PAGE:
12 Nov The Now and Future of Blockchain Technology
Blockchain: a unique technology which is revolutionizing IT security in the digital age. Perhaps most well-known as the technology behind Bitcoin, blockchain technology has ramifications far beyond online currency. What is blockchain technology, what can it do now, and what will do for years to come?
What is Blockchain?
Blockchain refers to a method of encrypting data so that each iteration refers back to all previous iterations. No one part of a blockchain can be altered without recreating the entire set. These chains of data are then held on multiple sites in order to make them very difficult to falsify. Blockchain in its present incarnation acts as a much-needed partner to the digital age, in which confidential data must often be shared securely among a vast number of people. Data in a blockchain is generally of a kind that needs to be viewable by anyone but alterable only by those privileged gatekeepers with permission to do so. A blockchain always maintains a secure record of an object’s history and any changes made along the way to the present time.
Who is Using Blockchain Now?
In addition to bitcoin, blockchain applications are on the rise. For example, the Bill & Melinda Gates Foundation is currently working on Mojaloop, a blockchain-inspired application which helps citizens of developing nations to trade in the global marketplace. If nothing else, this project shows how important online access to funds has become, especially on the margins of the global marketplace. Bitcoin and other online currencies have already changed the way we do business, side-stepping government regulations and providing an outlet for various revenue streams which would otherwise be blocked. Meanwhile, the federal government is starting to use Keyless Signature Structure (KSI) to replace digital keys as a secure way of digitally signing documents. In online security, especially end-user identification, blockchain represents opportunities for any business which wants to be able to 1) securely store individual credentials 2) in ways which cannot be falsified or modified later but 3) can be easily and securely accessed as needed in order to verify identity.
Blockchain has disrupted and will continue to disrupt the way the global market functions, who gets to take part in it, and how individual players are evaluated. Even more so, however, blockchain has helped to set the stage for the next period of evolution of the digital age.
The Present and Future of Blockchain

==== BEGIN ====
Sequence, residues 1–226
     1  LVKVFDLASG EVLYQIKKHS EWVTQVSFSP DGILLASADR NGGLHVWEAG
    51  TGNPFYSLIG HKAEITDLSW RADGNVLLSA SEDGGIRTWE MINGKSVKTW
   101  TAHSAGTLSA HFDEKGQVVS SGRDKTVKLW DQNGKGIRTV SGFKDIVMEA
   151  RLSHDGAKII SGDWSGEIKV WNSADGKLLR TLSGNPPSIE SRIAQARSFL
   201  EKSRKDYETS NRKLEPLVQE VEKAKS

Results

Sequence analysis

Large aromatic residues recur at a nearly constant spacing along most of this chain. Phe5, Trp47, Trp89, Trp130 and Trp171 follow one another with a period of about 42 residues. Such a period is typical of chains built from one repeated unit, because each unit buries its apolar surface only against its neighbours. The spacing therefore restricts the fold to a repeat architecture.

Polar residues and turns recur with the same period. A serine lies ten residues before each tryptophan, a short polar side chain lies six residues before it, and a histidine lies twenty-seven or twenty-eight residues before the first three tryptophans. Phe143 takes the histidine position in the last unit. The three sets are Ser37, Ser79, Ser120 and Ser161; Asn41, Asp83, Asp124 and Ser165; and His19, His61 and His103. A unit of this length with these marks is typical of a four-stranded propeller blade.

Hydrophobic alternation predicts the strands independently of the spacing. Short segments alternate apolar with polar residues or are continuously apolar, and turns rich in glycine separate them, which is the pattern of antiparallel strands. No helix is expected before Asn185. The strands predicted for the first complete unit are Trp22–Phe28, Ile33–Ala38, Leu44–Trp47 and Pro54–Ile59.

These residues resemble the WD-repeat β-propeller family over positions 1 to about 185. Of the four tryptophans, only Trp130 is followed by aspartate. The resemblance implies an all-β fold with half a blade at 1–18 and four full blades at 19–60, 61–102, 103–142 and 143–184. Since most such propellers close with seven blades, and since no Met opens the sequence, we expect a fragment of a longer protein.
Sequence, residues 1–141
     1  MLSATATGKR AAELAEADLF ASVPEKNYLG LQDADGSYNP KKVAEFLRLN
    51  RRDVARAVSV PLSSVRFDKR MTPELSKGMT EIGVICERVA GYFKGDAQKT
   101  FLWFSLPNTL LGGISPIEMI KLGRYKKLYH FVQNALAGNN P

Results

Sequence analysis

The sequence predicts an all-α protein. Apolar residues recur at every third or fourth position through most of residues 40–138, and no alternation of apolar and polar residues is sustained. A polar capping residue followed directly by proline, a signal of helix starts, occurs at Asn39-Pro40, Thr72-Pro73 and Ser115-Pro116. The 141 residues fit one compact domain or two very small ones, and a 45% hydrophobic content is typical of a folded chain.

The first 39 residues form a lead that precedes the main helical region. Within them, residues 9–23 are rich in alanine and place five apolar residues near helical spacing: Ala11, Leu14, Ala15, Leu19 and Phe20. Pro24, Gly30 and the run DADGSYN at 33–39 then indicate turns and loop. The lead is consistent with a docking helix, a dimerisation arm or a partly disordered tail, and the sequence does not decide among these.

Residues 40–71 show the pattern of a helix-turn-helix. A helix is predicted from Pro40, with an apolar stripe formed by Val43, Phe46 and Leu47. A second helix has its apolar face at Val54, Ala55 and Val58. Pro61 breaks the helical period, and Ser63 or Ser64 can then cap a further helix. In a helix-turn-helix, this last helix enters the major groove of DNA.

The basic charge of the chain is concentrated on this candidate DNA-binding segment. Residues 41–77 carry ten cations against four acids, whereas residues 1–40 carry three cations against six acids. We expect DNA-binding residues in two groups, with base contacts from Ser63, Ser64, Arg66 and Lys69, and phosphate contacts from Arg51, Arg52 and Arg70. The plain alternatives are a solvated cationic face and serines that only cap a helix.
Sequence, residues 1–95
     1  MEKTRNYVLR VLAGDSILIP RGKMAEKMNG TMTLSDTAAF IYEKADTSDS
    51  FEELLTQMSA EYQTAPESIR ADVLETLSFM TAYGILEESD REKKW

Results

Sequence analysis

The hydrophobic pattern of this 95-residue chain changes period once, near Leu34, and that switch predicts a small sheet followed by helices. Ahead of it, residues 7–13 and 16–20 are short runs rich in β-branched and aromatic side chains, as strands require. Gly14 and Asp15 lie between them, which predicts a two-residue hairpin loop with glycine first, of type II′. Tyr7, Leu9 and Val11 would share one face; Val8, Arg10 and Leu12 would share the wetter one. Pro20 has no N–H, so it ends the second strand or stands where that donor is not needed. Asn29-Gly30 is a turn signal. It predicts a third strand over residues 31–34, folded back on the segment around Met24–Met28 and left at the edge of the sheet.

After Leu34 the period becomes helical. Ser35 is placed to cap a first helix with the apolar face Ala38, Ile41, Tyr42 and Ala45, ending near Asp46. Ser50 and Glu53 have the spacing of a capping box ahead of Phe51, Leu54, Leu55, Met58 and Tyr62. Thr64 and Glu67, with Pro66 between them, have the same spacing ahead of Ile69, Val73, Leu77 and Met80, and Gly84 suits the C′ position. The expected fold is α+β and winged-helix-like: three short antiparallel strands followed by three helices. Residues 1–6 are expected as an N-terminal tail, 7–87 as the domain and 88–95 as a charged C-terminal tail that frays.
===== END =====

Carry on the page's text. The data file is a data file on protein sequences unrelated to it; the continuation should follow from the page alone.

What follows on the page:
The Blockchain is all about data security and integrity in an increasingly decentralized age where business begins to move to the digital “cloud.” While there are many encryption technologies out there and blockchain is not always the ideal solution for a given problem, it continues to at least prove an inspiration to developers looking to make products which are secure but at the same time universally accessible. Bitcoin, and blockchain in general, is perhaps best viewed as a sign of the times, a way to take the pulse of an increasingly interdependent global economy.
IT security will doubtless continue to use blockchain in a variety of ways. However, it is also inevitable that problems caused by blockchain will suggest the need for other solutions, leading to new problems and new solutions. Perhaps one day DNS providers like Dyn will use blockchain to help encrypt their services and thwart future attacks. Then again, maybe they can do better still, safeguarding user privacy while verifying identity. Regardless, questions and possibilities presented by this technology are raising the bar in terms of security, safety, and what matters most.
In many ways, blockchain technology stands at the forefront of an ongoing compromise necessary to move in the digital age, the compromise between privacy and security. As any good detective will say, “follow the money.” Following the money, in this case, tracking bitcoin and related technologies, gives us insight into the future of IT and the world as we know it. Wherever the future leads, we can be sure that blockchain and similar technologies will be a key part of that future – because that’s where the money is, and money doesn’t lie. Remember, the future works best when it remembers the past accurately, where things were before and how we got to where we are now. After all, that’s what blockchain is really all about.
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